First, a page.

I wrote the question and left for the day. I just read every response and there was great dialogue there.

I do have to add that I have only served on one felony criminal jury, and I have to say that not only was incredulous that the public defender had a law degree, I would go so far as to say I doubt he has ever seen an episode of Perry Mason or Law and Order. It was maddening sitting there wanting to object and/or ask questions while he sat on his hands. And the prosecutor apparently felt the same…he literally made thing up that went unchallenged. It ruined me on the (at least local) justice system.

Oh, and thanks to @El_Cadejo for seconding my radio experience.

Unbroken's avatar

I was the plaintiff in a criminal case. Or rather the state was but I was one of the victims.

We won the case, rather he pled out. But I left the court house physically sick. Thinking three thoughts: there is no justice to be found in the court house.

The defendant openly claimed he was innocent even as he pled guilty.

My third thought was this was only going to make him worse.

MollyMcGuire's avatar

This has grown from people who can certainly afford an attorney asking for a public defender. Abuse is America’s middle name, didn’t you know.

jerv's avatar

@MollyMcGuire Yep; the poor suffering because the rich cheat. ‘Murica!

MollyMcGuire's avatar

@jerv There are many people who aren’t wealthy but don’t fall into the poor either. The poor who aren’t poor enough to get government benefits seem to be the most likely cheaters sometimes. I don’t have a source, it just kind of seems like common sense to me. I don’t like to lump the entire population into “the rich” and “the poor.” Most people really aren’t either.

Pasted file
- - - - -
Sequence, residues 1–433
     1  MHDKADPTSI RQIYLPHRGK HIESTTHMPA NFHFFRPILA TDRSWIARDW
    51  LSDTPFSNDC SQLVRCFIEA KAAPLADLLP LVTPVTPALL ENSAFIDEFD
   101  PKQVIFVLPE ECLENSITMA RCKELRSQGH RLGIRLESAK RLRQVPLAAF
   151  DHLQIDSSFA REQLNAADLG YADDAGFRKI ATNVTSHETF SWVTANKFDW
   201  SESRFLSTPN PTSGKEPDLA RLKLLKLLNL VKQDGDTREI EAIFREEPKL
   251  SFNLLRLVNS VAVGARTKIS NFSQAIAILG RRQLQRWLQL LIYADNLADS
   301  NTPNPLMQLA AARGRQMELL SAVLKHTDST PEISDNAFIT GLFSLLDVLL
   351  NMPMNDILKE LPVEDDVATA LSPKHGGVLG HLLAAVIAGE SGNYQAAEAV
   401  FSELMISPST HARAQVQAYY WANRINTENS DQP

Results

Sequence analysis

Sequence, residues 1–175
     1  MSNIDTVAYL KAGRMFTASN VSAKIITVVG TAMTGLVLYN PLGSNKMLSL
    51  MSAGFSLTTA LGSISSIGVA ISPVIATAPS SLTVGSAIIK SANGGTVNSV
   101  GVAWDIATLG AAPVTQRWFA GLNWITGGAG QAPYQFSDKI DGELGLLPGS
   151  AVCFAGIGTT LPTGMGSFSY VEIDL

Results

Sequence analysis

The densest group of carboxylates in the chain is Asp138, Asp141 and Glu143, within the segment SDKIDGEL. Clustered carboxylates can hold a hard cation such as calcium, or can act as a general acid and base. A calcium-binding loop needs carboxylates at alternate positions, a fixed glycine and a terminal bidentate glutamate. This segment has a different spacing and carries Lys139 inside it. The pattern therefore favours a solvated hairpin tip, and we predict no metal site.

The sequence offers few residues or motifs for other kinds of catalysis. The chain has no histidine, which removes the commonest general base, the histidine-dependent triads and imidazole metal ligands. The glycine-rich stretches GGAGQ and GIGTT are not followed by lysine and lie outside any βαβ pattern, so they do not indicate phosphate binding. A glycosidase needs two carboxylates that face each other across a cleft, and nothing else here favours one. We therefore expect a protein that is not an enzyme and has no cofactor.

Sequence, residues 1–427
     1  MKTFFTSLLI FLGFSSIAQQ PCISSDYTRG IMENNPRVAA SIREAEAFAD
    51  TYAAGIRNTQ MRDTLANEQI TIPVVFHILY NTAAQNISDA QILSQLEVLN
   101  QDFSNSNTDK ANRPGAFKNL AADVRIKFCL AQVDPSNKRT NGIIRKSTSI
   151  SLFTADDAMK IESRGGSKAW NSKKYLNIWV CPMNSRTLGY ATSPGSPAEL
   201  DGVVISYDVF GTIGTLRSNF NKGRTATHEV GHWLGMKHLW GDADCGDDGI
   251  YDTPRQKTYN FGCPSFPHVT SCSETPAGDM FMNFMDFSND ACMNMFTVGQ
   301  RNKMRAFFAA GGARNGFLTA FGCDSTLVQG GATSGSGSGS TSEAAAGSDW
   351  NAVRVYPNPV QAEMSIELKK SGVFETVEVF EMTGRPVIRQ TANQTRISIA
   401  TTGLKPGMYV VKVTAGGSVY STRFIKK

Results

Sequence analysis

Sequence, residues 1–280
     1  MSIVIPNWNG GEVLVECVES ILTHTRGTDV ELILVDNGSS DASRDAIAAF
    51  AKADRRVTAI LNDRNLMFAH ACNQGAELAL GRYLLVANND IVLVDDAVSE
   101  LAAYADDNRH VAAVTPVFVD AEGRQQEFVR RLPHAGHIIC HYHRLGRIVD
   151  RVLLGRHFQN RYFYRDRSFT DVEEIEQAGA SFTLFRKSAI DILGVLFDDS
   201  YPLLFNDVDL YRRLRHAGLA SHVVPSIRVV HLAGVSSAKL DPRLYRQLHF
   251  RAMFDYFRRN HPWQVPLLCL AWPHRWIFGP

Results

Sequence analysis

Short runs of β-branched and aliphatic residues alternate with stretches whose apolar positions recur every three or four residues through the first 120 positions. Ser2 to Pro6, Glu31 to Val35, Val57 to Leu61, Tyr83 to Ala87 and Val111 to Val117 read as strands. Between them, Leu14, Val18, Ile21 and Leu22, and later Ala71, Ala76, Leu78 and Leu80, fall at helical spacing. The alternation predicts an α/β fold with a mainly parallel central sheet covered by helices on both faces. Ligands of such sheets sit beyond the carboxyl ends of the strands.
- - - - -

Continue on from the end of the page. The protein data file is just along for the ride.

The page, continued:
jerv's avatar

@MollyMcGuire I don’t require government assistance, but in case you haven’t noticed, lawyers aren’t cheap. So I’m definitely not poor, but I don’t have thousands of dollars sitting around either. Is it really cheating if the only way you could afford a lawyer is to get yourself evicted and unable to buy food? If you’re unable to bear that sort of expense, you’re effectively poor, no matter what your income is.

You’re correct that most people are neither rich nor poor. Maybe “poor” wasn’t the right word to describe those that don’t have fat bank accounts, but I prefer single words over sentence-long phrases. Still, most people who hire a good criminal defense lawyer either are rich, or become poor. It’s not easy for the average person living paycheck to paycheck to cough up 6–12 months income and still make rent. Even 2 weeks pay can throw many into a hole that’s hard to climb out of, making even paying $400 for a public defender an unbearable expense for many.

ibstubro's avatar

Incidentally, I heard a portion of the radio program that @wildpotato mentioned above yesterday. There was a family that turned their teenage son in for being a threat to the parents. The court then assessed the fees against the parents as the guardians of a minor child, ruining the family finances. It boggles the mind.

SecondHandStoke's avatar


Yes, legal representation is indeed a commodity, just like shoes, food, gasoline and yes, healthcare.

Just like the things above you get what you pay for. The more you pay the higher the quality is likely to be. If it’s “free” you shouldn’t expect as much as if you are paying. This should also be understood by those that are publicly housed.

That said, It’s a myth that your public defender is poor at their job simply because of his or her role. Public defenders can be quite talented.